Christians have voiced concern after an Ofsted report this week found that Christianity is not being taught properly in schools.
The report warned that “many primary and secondary schools visited did not pay sufficient attention to the progressive and systematic investigation of the core beliefs of Christianity”.
It said that pupils were being left “confused” by RE lessons and that greater attention was being paid to the religious experiences of children belonging to other faiths than to Christian pupils.
“Insufficient attention was paid to diversity within the Christian tradition and to pupils who were actively engaged in Christian practice,” the report stated. “Often, their experience was ignored and they had limited opportunity to share their understanding. This sometimes contrasted sharply the more careful attention paid to the experiences of pupils from other religious traditions.”
The report was compiled by inspectors who visited nearly 200 state-funded non-faith schools from 2006 to 2009 and attended the RE lessons.
The Church of England’s chief education officer, the Rev Jan Ainsworth, said Ofsted’s findings on RE were of “particular concern”. She said they suggested that “in too many schools, the faith held by the majority of people in this country is not being properly taught in an in-depth way”.
She said: “Getting to grips with key teachings of Jesus and other core elements of Christianity are building blocks that will help young people analyse and interpret the society they are growing up in, whether they choose to share that belief or not.”
The former Bishop of Rochester, the Rt Rev Michael Nasir-Ali, said that Christianity should be not just the main faith that is taught, but also the faith that provides “the framework for everything else that is taught in RE”.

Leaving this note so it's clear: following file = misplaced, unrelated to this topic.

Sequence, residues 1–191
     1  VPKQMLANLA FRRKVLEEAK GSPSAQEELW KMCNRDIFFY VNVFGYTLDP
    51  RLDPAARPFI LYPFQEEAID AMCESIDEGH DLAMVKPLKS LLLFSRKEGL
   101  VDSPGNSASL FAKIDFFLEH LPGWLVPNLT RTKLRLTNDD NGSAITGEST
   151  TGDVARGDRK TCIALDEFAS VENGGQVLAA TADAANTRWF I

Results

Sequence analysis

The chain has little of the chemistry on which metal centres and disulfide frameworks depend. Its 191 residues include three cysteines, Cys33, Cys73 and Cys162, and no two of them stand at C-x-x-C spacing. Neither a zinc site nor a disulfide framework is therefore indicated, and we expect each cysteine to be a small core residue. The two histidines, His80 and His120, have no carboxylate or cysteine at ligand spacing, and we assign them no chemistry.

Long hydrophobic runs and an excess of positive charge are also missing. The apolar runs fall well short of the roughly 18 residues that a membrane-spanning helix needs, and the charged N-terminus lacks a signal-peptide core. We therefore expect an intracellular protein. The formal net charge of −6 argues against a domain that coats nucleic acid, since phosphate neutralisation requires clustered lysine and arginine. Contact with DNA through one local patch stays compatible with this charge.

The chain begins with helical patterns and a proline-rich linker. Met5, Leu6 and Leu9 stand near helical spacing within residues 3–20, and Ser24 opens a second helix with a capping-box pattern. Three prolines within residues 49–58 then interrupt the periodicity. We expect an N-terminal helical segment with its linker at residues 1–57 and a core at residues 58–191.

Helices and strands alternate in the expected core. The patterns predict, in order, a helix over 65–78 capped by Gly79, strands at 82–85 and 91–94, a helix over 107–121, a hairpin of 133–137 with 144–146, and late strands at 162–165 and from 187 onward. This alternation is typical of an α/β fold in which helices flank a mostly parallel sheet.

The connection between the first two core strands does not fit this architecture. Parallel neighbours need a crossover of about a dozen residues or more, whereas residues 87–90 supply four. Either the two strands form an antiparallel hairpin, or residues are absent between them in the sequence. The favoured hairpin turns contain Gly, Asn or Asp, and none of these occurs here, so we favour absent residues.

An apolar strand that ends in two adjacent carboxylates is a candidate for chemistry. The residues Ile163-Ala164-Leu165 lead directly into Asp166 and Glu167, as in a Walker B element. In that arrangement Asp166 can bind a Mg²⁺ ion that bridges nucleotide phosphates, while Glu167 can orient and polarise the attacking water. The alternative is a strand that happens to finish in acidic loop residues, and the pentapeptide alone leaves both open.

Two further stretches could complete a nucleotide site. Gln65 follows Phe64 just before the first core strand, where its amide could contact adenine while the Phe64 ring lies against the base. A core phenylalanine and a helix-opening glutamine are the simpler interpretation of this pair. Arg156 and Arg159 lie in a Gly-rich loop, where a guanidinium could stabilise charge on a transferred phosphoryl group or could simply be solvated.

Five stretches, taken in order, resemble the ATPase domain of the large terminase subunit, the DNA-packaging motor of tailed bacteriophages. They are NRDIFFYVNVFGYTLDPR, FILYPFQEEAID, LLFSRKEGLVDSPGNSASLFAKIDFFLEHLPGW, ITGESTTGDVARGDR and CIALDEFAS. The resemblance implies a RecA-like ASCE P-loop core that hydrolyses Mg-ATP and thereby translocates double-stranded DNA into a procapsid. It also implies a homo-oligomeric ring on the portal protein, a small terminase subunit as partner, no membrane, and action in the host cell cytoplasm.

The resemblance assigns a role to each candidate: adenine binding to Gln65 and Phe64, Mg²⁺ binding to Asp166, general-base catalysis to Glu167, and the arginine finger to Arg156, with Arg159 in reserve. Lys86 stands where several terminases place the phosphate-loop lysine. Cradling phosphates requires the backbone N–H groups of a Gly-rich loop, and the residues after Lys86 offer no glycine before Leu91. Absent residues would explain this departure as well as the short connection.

“The study of the different faiths should not be just a smorgasbord of interesting rituals and feasts but Christian faith should provide the vantage point of studying them with sympathy and attention but also critically,” he said.
He called for RE to teach people more about the nature of religious experience and address questions of “meaning, purpose and destiny”.
Andrea Minichiello Williams, Director of Christian Concern For Our Nation, warned that the whole of society would suffer if children could not understand the role of Christianity in Britain’s history and development.
“Denying children the knowledge of the Christian principles on which our country has been founded is robbing them of the chance to understand their nationality,” she said.
“Alfred the Great, the Magna Carta, Shakespeare, our legal system and many other aspects of our history and culture have all been deeply affected by Christianity and the Bible.
“Children who are confused about the basics of Christianity will be in no position to lead the future of the country.
“It’s good that Ofsted is starting to recognise the marginalisation of Christianity. There is a bias against Christianity and all of society will suffer as a result.”
Although it is a legal requirement for schools to hold collective Christian worship, many schools have replaced the traditional Christian assembly with multi-faith worship and abandoned teaching of the Lord’s Prayer.
The report comes amid widespread concern among Christians that Christianity is being marginalised in the public square, despite continuing to be the majority religion in the UK.
The Christian Institute recently published a report called Marginalising Christians in which it cites cases of Christian charities being refused public funding and of Christians being discriminated against in the media and by their employers.
Christians express concern over religious education in schools
Published 11 June 2010 | Jenna Lyle